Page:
The primary advantage of porcelain – tooth coloured crowns is their aesthetics. This material looks like and is shade matched to other teeth. In addition to this , due to the advancement of technology the ceramic or porcelain materials are more durable. Therefore this is becoming the more preferred method for crowns. 

One day - SAME VISIT Crowns

can save time & money 

This type of crown can be made right here at Vermont South Dental . The Crown is milled from a block of porcelain with our CEREC machine using CAD/CAM technology. The whole process can be done in one morning appointment. Therfore eliminating the need for temporary crowns, the dental lab and a follow up appointment .  

 

 

 

What is the procedure for getting a dental crown?

The area around the tooth will be "numbed" with local anaesthetic to begin with. If the tooth has been fractured or had a root canal treatment, it will first need to have a build up filling. This is required to restore enough of the tooth for the crown to hold onto. The tooth is then shaved down to make room for the crown. An impression is made of the prepared tooth .  If it is to be sent to the Lab, this will be done phisically with a putty like substance. If it is a CEREC crown the impression will be done digitally with the scanner

 The Dentist will then determine the shade match using a shade guide. Then either of the following will apply;

 LAB MADE CROWN

Pictures may be taken to send off with the shade match when the crown is to be sent to the lab. This will help the technician make the crown to match the rest of the patient’s teeth. A temporary crown is then cemented with temporary cement so that it can be removed easily once the permanent crown is ready.

Approximately 3 weeks later, the patient returns for a second visit. During this visit the tooth may need to be numbed and the temporary crown is removed. The permanent crown is placed on the tooth and inspected for an acceptable fit. After the necessary adjustments are made, the crown will be cemented with a permanent cement or dental glue.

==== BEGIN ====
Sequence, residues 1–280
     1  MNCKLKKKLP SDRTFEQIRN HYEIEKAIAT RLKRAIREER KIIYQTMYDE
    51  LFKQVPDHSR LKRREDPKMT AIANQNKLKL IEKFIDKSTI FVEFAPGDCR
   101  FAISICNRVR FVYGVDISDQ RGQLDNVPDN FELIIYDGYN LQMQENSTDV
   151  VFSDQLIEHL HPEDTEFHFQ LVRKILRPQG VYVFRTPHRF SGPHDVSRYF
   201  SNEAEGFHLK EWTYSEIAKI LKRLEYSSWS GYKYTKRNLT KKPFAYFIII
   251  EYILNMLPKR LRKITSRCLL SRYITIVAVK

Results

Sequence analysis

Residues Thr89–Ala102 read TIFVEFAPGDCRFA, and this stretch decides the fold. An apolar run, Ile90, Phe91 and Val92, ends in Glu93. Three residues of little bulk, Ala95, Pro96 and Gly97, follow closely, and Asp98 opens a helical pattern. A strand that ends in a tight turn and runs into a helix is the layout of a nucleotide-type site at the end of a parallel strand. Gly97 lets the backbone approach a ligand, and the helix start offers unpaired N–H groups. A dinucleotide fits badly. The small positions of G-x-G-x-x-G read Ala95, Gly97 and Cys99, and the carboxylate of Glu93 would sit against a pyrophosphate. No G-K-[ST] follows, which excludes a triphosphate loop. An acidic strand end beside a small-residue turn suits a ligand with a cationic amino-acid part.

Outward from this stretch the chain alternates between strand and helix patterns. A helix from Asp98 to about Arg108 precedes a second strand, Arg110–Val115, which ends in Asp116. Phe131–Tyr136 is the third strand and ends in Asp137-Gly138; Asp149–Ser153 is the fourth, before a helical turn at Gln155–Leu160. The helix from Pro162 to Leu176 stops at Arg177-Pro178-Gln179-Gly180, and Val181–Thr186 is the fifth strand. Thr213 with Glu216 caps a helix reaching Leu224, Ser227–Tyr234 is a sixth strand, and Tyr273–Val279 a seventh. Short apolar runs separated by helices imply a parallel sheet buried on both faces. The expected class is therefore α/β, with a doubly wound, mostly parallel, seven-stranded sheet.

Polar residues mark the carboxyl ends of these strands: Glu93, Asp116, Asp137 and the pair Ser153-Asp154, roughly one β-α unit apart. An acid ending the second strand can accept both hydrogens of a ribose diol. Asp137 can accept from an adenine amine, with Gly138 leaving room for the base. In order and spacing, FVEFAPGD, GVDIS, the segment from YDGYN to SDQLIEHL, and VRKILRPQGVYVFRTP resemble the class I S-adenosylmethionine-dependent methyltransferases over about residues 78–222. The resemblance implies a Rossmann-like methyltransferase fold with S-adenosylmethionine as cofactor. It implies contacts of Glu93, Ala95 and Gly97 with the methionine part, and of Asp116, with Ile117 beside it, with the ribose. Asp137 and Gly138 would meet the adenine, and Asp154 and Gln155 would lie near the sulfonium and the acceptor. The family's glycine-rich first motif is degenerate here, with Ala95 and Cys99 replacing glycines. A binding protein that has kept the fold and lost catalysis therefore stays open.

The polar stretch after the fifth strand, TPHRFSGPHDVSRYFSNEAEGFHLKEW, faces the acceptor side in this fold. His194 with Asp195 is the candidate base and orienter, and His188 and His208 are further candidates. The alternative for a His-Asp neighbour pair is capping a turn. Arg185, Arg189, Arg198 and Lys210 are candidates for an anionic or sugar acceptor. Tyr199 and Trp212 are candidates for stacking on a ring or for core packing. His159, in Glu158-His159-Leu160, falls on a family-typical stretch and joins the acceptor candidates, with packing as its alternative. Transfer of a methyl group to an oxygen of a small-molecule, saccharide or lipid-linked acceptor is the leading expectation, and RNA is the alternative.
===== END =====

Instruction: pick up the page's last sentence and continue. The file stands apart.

CEREC MADE CROWN 

If the crown is a CEREC crown made at Vermont South Dental, it will be milled from a ceramic block using the Cerec machine. It will be tested in place to ensure the bite is good and that it fits well. Then you get to relax with a half hour break. During this time the crown is cooked to finalise the strengthening properties of the material. Once completed any necessary adjustments will be made and then the crown is permanently cemented in place.

 

What kind of problems may occur after getting a dental Crown?

Crown preparation can sometimes place a lot of stress on a tooth, especially if the tooth has had previous ongoing problems and trauma. This can cause the nerve to become irreversibly inflamed. All though this is rare, if this happens, the tooth may require root canal treatment.

How much do Crowns cost?

The cost of getting a crown can vary. The type of material used will depend on the location and the purpose of the tooth. Therfore a crown or veneer can cost anywhere between $600 - $2,000. Health Insurances can cover part of the cost but the rebate varies with individual plan's and each insurer.  You will be given a detailed treatment plan, upon diagnosis, which will indicate the cost and item numbers. You can then contact your health fund provider and ask then exactly what you will receive back.

How long do Crowns Last?

Dental crowns should last on average from 10 to 20 years.

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Dental Crowns are still subject

to fracture and cavities.

Because of this it is important to take extra care with brushing and flossing around crowned teeth  and eating a healthy balanced diet to prevent them from needing replacement more often.